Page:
Espgaluda II is a pitch-perfect recreation of the company's acclaimed 2005 vertically scrolling arcade shoot-'em-up. The release would stand out as a worthwhile play on any platform, but it truly shines on the iPhone and the iPad. An effective touch-and-drag control scheme works flawlessly in the context of Espgaluda II's gameplay, providing enough precision to make the experience fun for both shoot-'em-up novices and hardcore fans alike.
Moreover, Espgaluda II represents an exceptional value for shoot-'em-up fans in North America. The original arcade circuit board costs thousands of dollars. The Japan-only Xbox 360 port retails for around $80. The iPhone version of Espgaluda II -- which includes a new platform-exclusive gameplay mode in addition to the full original game -- is available from the App Store for $8.99.
1. Game Dev Story (Kairosoft, iPhone)
When talking about Kairosoft's Game Dev Story, it's difficult to describe its gameplay in anything other than the context of your own personal experiences.
- "Well, I made a cowboy racing game for the Sega Genesis, but it had a lot of bugs, so sales tanked in its second month of release."
- "I poured so much money and time into my NES golf RPG, and the reviewers totally trashed it! What the hell!"
- "I made a bunch of cash-in sumo wrestling games, which were a big fad at the time. The reviewers hated them. They had no polish. We didn't even hire a sound guy for them. They sold millions."
Game Dev Story's foundation is built on player anecdotes. The gameplay may be standard stuff -- it ultimately boils down to keeping a series of numbers and sliders in check -- but Game Dev Story's lighthearted (and at times scarily accurate) take on game development make it a compelling play even long after your virtual company has established itself as a dominant force in the industry.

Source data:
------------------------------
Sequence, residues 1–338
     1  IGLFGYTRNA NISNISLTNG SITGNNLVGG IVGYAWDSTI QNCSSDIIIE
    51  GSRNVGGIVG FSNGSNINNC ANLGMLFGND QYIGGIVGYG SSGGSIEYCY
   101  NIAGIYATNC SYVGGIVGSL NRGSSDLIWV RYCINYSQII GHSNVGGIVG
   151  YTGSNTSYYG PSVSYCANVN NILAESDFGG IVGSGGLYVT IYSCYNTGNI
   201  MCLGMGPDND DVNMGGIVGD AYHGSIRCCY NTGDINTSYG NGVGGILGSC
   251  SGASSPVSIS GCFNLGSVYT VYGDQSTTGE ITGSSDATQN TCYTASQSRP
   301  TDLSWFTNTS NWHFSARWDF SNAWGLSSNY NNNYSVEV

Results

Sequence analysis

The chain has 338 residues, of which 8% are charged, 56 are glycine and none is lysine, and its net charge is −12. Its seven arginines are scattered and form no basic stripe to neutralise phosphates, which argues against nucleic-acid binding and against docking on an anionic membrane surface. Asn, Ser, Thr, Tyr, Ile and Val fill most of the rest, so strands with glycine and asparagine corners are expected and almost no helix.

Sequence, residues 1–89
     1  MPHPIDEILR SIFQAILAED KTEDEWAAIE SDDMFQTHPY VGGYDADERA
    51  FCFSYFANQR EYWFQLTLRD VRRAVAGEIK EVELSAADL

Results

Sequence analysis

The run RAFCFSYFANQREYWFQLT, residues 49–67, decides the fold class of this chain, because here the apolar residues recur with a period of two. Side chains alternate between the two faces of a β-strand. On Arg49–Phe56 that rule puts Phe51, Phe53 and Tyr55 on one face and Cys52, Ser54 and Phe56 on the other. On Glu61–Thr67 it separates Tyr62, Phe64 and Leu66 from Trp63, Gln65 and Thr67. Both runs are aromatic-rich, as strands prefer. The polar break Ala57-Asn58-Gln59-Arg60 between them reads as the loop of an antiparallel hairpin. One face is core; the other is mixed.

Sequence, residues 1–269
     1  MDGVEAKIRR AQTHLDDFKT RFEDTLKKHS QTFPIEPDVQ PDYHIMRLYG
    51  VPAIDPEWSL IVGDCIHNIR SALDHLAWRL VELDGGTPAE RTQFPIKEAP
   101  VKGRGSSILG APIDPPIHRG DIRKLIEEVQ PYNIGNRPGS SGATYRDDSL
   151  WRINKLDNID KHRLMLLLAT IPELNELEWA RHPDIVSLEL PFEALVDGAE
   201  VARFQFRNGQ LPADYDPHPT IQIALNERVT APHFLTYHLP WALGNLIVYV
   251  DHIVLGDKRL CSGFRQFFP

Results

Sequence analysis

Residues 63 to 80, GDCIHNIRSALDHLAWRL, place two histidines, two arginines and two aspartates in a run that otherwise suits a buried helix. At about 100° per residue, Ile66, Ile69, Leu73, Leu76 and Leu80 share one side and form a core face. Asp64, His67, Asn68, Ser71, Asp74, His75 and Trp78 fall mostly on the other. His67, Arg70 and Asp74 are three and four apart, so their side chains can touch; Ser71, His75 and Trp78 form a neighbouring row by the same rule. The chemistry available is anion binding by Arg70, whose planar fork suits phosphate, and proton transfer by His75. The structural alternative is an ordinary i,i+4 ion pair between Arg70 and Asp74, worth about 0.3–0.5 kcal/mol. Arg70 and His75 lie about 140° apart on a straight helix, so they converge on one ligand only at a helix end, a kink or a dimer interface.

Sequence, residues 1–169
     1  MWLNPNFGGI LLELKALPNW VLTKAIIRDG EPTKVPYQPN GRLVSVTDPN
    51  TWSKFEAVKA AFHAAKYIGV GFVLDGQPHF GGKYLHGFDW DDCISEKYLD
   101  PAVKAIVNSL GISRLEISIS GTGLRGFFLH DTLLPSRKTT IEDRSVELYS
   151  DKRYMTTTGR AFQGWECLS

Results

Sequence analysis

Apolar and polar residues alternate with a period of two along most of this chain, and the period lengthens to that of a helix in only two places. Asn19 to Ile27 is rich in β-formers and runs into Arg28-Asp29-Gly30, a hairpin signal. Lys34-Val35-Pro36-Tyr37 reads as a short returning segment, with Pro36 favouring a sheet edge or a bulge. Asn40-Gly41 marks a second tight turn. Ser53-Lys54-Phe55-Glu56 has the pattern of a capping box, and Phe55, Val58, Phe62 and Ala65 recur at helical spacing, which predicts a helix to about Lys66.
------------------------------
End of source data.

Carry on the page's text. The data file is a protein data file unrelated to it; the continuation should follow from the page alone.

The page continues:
Better still, Game Dev Story is a special treat for those who have witnessed decades of industry growth. You'll want to buy a soon-to-be lucrative publisher's license when "Senga" launches its 16-bit "Exodus" console, and you'll have the good sense to avoid investing too heavily in Intendro's headache-inducing Virtual Kid.
On the other hand, there's a lot of fun to be had in attempting to change history. If you want to single-handedly make NEC's PCFX the world's most popular console, you have a tough road ahead of you, but by god, you can try.
- Carcassonne [iPhone/iPad universal app] (Not satisfied with merely producing a great adaptation of the classic board game, TheCodingMonkeys adds a new Solitaire mode and online competitive gameplay.)
- Chaos Rings [iPhone] (Square Enix successfully mimics the depth and spectacle of console RPGs with this graphically rich release.)
- Galaxy on Fire 2 [iPhone/iPad universal app] (Fishlabs' space combat/exploration/trading sim features more depth than one would expect from any App Store release, with potentially dozens of hours of gameplay.)
- Infinity Blade [iPhone/iPad universal app] (Its gameplay may be a little shallow, but Chair Entertainment's satisfying swordplay and impressive Unreal Engine-powered graphics are not to be ignored.)
- Kometen [iPhone/iPad universal app] (Blueberry Garden creator Erik Svedang's interstellar adventure is bolstered by vivid artwork and soothing gameplay.)
- Real Racing 2 [iPhone] (Firemint continues to set new standards for iOS racing sims with the addition of licensed vehicles and new online multiplayer modes.)
- Street Fighter IV [iPhone] (Even though the lack of physical buttons drains a lot of the fun, Capcom's efforts to port its one-on-one fighter franchise to iOS are admirable, and the result is surprisingly playable.)
- Sword & Poker 2 [iPhone] (Like RPGs? Don't hate poker? You'll enjoy Gaia's Sword & Poker series, and probably more than you'd think you would.)
- UFO On Tape [iPhone/iPad universal app] (Challenging players to capture video of a skittish UFO, developer Revolutionary Concepts introduces a unique gameplay mechanic that's a natural fit for mobile platforms.)